Situated in the Alentejo countryside, 70 miles from Lisbon, Évora’s historical walled town is a great spot for those seeking a break from the big city.
Évora is best known for its well-preserved monuments dating back to different historical periods, but in my memory, it will always be remembered for its delicious and one of a kind orange juice!
Where to Start?
The best place to start your visit is on Évora’s picturesque Praça do Giraldo, a former execution area during the inquisition and the town’s main square. Connecting to this plaza is the pedestrian Rua Cinco de Outubro. The narrow street is filled with souvenir shops and leads visitors to Sé de Évora, the town’s main cathedral.
The church was built in 1186 and while it resembles a fortress outside, within its walls lies a beautiful Gothic interior. Make sure to climb to its roof - once we got to the top, we were welcomed to wide views of the region’s vast yellow grass fields which dominated the landscape in mid-September.
Adjacent to the cathedral is the most iconic monument in Évora: The Roman Temple.
It is not only the symbol of the city, but also one of the best well-preserved Roman structures in Portugal. The temple is surrounded by a quaint park with ample seating and a well maintained garden full of wildflowers.
Tip: São João Evangelista is a former convent and now a B&B located next to the temple. You may have a hard time finding it, but there is a church attached to the convent that should not be missed! The walls of the church are completely covered in the iconic Portuguese blue tiles and quickly became one of our favorite churches in Portugal.
Churches, Wines and Aqueduct…
Next to Sé de Évora is a staircase that will lead to Porta de Moura Square known for with its distinguishable spherical renaissance fountain. We purposefully got lost inside the maze of small and narrow streets that line this part of town.
If you are not churched out already, there are some interesting ones in this area: Igreja da Graça built in the 16th century during the reign of John the III and Igreja de São Francisco.
São Francisco church is a must go in Évora and that is appropriately due to its mesmerizing Chapel of Bones. I was particularly impressed with the attention to detail and arrangement of the human bones, placed in a specific manner in order to form the walls and columns of the chapel.
If you enjoy wine and want to learn more about its substantial influence in the region, head to Alentejo Wine Office (Rota dos Vinhos Alentejo) located in Praça Joaquim António de Aguiar. During our short visit, we got an overview of the region’s wine tourism and sampled some local wine in their tasting room.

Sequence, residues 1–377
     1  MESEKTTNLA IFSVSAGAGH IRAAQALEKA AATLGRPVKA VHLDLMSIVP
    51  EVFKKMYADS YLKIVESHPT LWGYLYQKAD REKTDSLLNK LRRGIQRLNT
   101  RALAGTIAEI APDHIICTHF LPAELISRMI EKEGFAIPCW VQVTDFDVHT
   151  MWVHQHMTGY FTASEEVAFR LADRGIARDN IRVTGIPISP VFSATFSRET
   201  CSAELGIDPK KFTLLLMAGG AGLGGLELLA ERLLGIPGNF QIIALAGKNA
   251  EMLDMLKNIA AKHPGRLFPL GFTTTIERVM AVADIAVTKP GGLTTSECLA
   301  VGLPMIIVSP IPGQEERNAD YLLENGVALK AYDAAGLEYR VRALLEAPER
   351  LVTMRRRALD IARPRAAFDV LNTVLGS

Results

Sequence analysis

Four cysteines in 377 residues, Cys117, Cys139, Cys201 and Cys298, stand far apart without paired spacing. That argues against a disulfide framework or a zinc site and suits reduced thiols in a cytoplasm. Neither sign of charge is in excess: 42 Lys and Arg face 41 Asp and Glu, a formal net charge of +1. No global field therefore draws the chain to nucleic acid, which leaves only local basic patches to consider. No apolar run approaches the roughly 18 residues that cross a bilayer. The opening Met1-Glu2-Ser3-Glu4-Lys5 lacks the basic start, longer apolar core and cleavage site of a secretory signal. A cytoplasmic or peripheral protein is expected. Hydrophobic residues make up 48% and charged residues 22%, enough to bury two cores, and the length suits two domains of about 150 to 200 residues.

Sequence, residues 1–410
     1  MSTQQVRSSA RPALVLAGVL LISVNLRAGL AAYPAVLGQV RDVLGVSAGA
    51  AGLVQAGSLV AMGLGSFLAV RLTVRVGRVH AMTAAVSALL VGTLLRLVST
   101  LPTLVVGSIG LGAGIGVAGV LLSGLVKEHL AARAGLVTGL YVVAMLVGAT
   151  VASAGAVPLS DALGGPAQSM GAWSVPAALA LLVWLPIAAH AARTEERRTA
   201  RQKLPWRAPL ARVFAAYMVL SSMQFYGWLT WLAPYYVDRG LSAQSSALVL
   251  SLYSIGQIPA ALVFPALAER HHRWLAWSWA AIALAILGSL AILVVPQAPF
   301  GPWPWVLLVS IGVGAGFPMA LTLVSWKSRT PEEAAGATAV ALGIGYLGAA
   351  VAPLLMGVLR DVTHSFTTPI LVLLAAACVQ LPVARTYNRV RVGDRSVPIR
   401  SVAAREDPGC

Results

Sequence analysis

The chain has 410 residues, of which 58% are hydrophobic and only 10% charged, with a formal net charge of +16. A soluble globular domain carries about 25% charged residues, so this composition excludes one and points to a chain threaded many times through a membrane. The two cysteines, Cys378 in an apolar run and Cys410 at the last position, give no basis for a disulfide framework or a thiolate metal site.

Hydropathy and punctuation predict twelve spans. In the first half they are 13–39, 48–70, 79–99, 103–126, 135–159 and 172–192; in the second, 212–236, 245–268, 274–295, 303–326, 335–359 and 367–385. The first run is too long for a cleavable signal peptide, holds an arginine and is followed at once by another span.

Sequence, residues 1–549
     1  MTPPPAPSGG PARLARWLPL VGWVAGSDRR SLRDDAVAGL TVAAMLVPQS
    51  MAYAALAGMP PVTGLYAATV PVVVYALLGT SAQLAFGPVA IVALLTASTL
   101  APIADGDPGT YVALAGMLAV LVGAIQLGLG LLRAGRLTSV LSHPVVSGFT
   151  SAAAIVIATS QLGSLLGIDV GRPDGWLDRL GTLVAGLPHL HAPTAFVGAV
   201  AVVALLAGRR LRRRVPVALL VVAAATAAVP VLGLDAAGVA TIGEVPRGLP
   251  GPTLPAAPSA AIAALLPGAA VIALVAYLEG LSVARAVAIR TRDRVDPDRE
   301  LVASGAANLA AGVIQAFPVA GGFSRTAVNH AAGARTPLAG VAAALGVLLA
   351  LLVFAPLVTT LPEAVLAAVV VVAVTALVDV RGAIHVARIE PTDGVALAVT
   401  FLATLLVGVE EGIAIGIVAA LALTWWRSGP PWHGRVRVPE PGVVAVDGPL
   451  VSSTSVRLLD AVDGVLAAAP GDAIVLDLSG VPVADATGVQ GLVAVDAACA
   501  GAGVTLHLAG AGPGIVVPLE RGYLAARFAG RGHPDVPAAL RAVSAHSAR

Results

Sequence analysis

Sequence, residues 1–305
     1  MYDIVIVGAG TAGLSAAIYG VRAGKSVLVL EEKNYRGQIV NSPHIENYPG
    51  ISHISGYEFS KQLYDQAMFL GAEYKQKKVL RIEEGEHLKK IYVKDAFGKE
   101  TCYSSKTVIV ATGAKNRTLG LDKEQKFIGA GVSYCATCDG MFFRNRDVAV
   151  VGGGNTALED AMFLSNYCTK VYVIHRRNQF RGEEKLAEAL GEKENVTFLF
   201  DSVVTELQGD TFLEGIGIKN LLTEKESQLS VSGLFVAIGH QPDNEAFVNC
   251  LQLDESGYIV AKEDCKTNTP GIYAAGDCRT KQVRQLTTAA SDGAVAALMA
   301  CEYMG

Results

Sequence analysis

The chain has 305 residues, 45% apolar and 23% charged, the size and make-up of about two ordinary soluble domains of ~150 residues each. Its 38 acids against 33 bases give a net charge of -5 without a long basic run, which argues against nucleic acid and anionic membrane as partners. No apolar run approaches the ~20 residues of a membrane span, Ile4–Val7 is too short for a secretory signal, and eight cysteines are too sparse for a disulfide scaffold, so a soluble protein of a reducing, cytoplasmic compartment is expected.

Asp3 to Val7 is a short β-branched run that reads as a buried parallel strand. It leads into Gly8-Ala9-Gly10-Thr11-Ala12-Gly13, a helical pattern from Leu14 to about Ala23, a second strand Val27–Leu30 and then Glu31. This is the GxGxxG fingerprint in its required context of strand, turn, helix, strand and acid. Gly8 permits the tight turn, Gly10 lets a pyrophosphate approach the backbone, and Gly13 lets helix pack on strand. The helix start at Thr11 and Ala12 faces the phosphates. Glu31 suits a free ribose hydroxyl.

Tip: While exploring the streets of Évora we ran into the town’s Silver Water Aqueduct. It crosses the town through Rua do Cano and Rua do Salvador. This large structure runs around 6 miles with many houses built into its arches.
Évora: Portugal's Gastronomic City
If you are looking to have one great meal while in Portugal, Évora is the right place for it - the town is well known for its impressive selection of restaurants.
We ate at a delicious restaurant called Dom Joaquim that serves traditional dishes from the region including the area’s black pork. This type of pig is grown in the Alentejo and many of its local meals are made using this meat.
I recommend that you ask your innkeeper which restaurant they recommend in town. They should provide you with a few options and even book a table for you.
Tip: I usually do not write about what I had as a drink on my trips but Évora’s orange juice is one-of-a-kind. If you were to try one thing in Évora, it should be their orange juice! You will never forget it… you will have other orange juices in Portugal and even at home but none will ever be like Évora’s.
So…please…drink the orange juice!
If you are staying overnight, try to take a walk through town at night. Évora really becomes picturesque as day trippers leave and its historical monuments become lit.
KEEP IN MIND
The Wrap-Up: You can get to Évora from Lisbon by train, bus or by car. You can also opt to stay overnight or take a day trip from the capital. If you are just taking a quick trip to Évora, it is best to use public transportation. However, if you are thinking of exploring more of the Alentejo countryside, it is best to rent a car since public transportation can be hard to find in the area.
From Lisbon: With the exception of Lisbon our entire two week trip through Portugal entailed a car. If like us, you are driving from Lisbon to Évora, it should take you around 1 hour and 30 minutes. I would highly recommend that you leave your car at the hotel as soon as you arrive since Évora’s narrow streets can be hard to drive - we got lost upon arrival and our car almost did not fit inside its tiny side streets!
The B&B: Albergaria do Calvario was one of the best hotels we stayed in Portugal. They offer a hearty breakfast, great restaurant suggestions and most importantly, an attentive service to their guests. Its atmosphere resembles staying inside a traditional Portuguese farmhouse: The inn’s walls are painted white and blue and its floors are lined with iconic Portuguese red tiles.
- Want to see the full trip and plan your next? Check out our Portugal Two Week Itinerary!